The special effects that bring the titular dragon to life are also excellent.  Elliot is a beautifully animated creature, interacting seamlessly with his live action surroundings, while still retaining a dog-like and adorably anthropomorphic look.  There are a lot of themes about belief and childhood magic, and Pete’s Dragon indeed feels like a throwback to a time when things were simpler, and to a type of film that doesn’t really get made for kids anymore.  Set in an indeterminate time period that could very well be the 1980s, it captures the tone and feel of those classic kid pic adventures, even if it doesn’t quite scale the heights of E.T., which it takes much inspiration from.

I liked Pete’s Dragon.  This is a rare remake that improves upon the original, and in a summer movie season that has had a lot of loud and cynical stuff, the film’s quiet and bittersweet charms feel like a refreshing change of pace.  Although the fairly simplistic narrative skews a little young, Pete’s Dragon has its heart squarely in the right place in its story of both the deep bonds between a boy and his dragon, as well as parents and children.  This is an enjoyable, all ages adventure that is pleasing to look at and offers plenty of heartfelt moments for viewers both young and old.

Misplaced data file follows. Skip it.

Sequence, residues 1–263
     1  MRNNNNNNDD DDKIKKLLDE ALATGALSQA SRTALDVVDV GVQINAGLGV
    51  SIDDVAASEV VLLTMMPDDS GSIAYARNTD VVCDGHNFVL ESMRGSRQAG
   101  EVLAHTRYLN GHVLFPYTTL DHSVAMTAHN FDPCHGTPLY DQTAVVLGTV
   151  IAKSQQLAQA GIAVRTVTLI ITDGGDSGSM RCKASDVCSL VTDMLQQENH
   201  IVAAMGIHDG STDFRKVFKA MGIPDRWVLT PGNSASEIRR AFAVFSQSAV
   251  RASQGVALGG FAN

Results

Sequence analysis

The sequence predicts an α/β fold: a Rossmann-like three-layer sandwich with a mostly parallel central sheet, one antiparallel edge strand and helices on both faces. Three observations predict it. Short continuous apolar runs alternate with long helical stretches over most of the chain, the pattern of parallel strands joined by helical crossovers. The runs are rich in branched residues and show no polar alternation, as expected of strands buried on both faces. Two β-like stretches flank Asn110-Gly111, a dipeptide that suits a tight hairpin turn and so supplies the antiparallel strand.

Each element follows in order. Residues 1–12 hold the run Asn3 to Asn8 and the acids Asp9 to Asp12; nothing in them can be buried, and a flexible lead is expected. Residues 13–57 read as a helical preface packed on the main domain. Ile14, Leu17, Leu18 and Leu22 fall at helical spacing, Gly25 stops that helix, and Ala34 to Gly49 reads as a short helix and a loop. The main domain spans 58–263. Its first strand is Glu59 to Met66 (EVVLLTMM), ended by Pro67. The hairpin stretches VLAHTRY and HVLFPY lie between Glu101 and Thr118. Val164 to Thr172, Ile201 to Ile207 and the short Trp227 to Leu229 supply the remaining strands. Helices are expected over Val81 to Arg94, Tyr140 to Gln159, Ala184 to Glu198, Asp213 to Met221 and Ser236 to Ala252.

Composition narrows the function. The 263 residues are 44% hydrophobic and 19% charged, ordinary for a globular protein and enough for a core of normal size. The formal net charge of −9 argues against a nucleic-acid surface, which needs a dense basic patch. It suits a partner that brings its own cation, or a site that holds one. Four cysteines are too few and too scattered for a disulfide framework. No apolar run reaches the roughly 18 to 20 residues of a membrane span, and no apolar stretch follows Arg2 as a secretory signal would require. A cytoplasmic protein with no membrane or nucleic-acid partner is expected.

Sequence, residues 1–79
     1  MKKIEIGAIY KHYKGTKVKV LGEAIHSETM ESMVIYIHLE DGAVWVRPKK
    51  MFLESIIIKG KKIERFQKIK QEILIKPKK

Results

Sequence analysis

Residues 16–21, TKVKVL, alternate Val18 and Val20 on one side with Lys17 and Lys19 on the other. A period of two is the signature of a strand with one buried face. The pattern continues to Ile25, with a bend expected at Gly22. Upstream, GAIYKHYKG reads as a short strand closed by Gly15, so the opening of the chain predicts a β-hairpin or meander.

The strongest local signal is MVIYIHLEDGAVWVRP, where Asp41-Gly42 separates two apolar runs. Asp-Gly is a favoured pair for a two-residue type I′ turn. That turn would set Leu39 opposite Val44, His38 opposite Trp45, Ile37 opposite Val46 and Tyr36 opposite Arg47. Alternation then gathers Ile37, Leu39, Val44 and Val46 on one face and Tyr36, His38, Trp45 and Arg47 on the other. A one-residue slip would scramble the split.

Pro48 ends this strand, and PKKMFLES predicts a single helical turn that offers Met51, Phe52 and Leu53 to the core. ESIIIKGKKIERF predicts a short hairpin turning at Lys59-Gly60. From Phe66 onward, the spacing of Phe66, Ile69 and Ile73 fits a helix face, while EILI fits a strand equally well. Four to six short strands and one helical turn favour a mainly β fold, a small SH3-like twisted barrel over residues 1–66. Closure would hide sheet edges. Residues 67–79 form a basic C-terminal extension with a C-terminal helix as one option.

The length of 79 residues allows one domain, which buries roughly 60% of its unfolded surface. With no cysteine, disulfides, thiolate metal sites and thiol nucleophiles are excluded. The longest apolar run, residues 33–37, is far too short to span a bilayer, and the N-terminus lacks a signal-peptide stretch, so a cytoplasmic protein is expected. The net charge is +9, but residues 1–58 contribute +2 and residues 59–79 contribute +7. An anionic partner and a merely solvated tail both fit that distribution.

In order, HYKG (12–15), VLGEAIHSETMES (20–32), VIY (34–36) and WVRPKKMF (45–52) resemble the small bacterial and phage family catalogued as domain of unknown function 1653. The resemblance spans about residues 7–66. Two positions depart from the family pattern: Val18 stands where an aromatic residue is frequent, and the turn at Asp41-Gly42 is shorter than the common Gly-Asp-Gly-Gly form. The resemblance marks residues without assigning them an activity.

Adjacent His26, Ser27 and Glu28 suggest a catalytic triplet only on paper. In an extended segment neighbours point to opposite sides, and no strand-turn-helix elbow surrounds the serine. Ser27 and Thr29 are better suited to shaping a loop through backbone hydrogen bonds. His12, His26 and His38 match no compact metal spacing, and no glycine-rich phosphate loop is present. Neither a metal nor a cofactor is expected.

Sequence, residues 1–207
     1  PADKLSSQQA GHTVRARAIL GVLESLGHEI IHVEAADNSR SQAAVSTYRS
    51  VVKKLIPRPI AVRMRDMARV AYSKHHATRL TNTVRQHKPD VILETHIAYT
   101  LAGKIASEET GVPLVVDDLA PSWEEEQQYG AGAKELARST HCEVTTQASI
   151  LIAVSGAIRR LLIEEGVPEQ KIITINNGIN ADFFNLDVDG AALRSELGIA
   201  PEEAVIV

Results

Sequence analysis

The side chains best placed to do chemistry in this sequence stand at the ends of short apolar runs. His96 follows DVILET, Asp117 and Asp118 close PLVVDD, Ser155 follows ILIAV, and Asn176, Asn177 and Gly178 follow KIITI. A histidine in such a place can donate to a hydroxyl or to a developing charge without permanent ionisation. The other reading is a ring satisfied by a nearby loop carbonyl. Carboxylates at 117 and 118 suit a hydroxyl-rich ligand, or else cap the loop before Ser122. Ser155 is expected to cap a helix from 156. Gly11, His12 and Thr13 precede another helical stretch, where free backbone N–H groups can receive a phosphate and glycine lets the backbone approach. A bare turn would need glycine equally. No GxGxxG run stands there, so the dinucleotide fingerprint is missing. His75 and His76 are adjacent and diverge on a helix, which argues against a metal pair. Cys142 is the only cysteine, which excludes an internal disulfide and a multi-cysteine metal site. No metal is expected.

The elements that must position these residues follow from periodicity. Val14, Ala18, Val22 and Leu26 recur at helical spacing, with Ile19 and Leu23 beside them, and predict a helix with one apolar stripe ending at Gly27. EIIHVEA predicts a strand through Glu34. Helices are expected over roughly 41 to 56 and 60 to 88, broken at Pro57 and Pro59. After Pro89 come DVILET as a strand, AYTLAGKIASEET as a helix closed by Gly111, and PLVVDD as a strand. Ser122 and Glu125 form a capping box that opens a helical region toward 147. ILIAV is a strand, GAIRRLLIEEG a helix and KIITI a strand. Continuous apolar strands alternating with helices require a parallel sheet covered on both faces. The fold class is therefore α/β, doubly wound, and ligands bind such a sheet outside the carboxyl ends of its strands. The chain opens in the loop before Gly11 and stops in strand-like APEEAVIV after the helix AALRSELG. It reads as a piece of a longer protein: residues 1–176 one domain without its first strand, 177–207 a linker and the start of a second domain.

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Pete's Dragon Picture 1

Grace (Bryce Dallas Howard) and Pete (Oakes Fegley) in Pete’s Dragon

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Pete’s Dragon Review By Erin Corrado

★★★ (out of 4)

Pete’s Dragon is a story of a boy who after losing his parents in a horrific car crash on a backwoods road, befriends a dragon named Elliot, who helps him survive in the woods for 6 years before he is spotted by a group of forestry workers.  Once in the town, Pete (Oakes Fegley) is desparate to return home to the woods, but as the townsfolk find out about Elliot, Pete has to help protect his dragon, while also learning how to deal with the first people he has seen in years.  The film is based on the old cartoon from 1977, something I’d forgotten while watching this new adaptation (which is way better in my book).

The film takes a refreshing slower pacing for family fare, and makes for a great film to take the whole family to for the end of Summer.  It is well cast and acted, and for those interested in the 3D, it is well used for the dragon flight scenes.  Elliot the Dragon himself is also well animated, with just the right level of cuteness to appeal to audiences.